The International Intellectual Property Alliance (IIPA) has just published its latest submission to the U.S. Government, accusing it of providing a home to many pirate sites.
This includes the recently shut down isoHunt.com as well as other popular torrent sites such as torrentz.eu and kickass.to.
“Even after the shuttering of Isohunt, Canada is still the home to some of the world’s most popular Internet sites dedicated to piracy, including torrentz.eu and kickass.to, which garnered rankings of third and second place, respectively, on one of the most widely accessed listings of the world’s most popular illicit BitTorrent sites,” IIPA writes.
The copyright holders further mention the linking sites cuevana.tv, free-tv-video-online.me, and solarmovie.so as having Canadian connections, as well as the smaller torrent sites fenopy.se and monova.org. Without proper enforcement action against them, Canada remains very attractive to these allegedly infringing sites, they claim.
“It is hard to avoid the conclusion that Canada remains a magnet for sites whose well-understood raison d’être is to facilitate and enable massive unauthorized downloading of pirated versions of feature films, TV shows, recorded music, entertainment software, and other copyright materials,” IIPA writes.
“The largest of these Canadian-hosted sites attract scores of millions of unique visitors every month, and their corrosive effects on legitimate markets are felt worldwide,” they add.
The United States should encourage Canada to take action against these sites, the industry groups recommend. Without proper action the country will not just remain a safe haven for infringing websites, but also a breeding ground for new generations of Internet pirates.
According to the IIPA, current policies have resulted in widespread piracy among Canadian Internet users, with instances twice as frequent as in the United States.
“In this environment, it is not surprising that Canadians continue to demonstrate a formidable propensity to patronize illegal online sources of copyright material, thus stunting the availability and growth of legal alternatives,” IIPA writes.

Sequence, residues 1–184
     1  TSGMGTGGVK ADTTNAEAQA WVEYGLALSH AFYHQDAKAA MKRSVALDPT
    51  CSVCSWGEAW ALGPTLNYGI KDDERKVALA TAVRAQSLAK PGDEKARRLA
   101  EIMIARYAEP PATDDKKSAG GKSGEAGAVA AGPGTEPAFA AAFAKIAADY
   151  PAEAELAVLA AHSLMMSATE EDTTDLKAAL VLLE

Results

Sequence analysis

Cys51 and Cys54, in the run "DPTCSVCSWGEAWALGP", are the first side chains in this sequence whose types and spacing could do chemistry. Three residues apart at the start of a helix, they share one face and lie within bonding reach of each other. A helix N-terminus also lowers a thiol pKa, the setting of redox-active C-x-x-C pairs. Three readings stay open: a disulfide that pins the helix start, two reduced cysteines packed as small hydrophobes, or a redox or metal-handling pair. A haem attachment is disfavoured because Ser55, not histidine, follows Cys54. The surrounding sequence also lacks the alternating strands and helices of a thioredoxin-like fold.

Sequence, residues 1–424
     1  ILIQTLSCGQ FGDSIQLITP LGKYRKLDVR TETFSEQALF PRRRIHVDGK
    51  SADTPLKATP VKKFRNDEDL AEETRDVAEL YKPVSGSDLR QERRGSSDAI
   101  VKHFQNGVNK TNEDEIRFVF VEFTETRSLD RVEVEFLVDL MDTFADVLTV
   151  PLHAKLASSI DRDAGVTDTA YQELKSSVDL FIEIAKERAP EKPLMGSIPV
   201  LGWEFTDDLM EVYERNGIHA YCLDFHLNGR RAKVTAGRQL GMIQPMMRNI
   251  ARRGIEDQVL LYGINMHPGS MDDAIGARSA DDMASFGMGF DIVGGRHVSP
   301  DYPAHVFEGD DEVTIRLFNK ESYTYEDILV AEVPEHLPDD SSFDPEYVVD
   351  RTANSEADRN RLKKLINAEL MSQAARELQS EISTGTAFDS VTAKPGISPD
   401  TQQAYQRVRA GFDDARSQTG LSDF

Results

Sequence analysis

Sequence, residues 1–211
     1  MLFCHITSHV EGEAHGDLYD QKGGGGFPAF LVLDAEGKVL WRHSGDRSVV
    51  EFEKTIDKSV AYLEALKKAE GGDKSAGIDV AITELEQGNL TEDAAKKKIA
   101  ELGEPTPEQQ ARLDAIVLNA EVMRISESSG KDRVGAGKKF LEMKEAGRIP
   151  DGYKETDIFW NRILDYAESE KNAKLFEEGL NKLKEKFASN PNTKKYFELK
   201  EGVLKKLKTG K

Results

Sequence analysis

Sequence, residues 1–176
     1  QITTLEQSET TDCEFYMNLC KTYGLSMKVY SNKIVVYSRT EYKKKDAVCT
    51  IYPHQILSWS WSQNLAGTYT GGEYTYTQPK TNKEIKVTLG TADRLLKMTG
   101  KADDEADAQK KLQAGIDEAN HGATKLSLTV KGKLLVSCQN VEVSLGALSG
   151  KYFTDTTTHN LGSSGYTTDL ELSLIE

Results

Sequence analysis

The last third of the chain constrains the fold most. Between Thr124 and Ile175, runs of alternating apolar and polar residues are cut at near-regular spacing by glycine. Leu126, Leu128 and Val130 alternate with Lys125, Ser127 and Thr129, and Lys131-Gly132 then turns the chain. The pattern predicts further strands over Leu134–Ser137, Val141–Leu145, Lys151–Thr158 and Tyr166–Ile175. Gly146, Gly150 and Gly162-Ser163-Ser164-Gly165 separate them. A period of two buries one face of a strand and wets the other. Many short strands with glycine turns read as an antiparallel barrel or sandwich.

“A report released in September 2012 found that, on a per-capita basis, Canadians download more unauthorized music than residents of any other country, and two-and-one-half times as much as Americans,” the groups add.
“Canadians continue to demonstrate a formidable propensity to patronize illegal online sources of copyright material, thus stunting the availability and growth of legal alternatives.”
The industry groups further recommend that Internet providers should partner with copyright holders to tackle the ongoing piracy problems. While some ISPs already forward infringement notices to their customers, they note that repeated infringers go unpunished.
Due to this “glaring weakness” the current copyright infringement warnings sent out by some ISPs are not believed to be very effective.
“Although more and more notices of infringement are sent by right holders and forwarded by service providers to their customers each year, the providers do not even correlate the notices with individual subscribers to know which are repeat infringers,” IIPA writes.
“To treat the first-time violator identically with the serial offender jeopardizes any deterrent effect the notices might otherwise achieve,” they add.
The groups recommend that the U.S. Government urges Canada to implement “strong legal incentives” for local ISPs to take action against these persistent pirates by teaming up with copyright holders.
The above is just the tip of the iceberg for Canada. Among other things, the groups also call for stronger border protections and hefty jail sentences for copyright infringers.
This is not the first time that Canada has been called out on copyright. Based on similar recommendations the U.S. Government has placed its northern neighbor on the intellectual property watch-list for several years in a row.
The IIPA’s full 2014 Special 301 recommendation report is available here. This also includes assessments from more than two dozen other countries, including Argentina, Brazil, China, Italy, Russia, Spain and Switzerland.
Photo: Sébastien Launay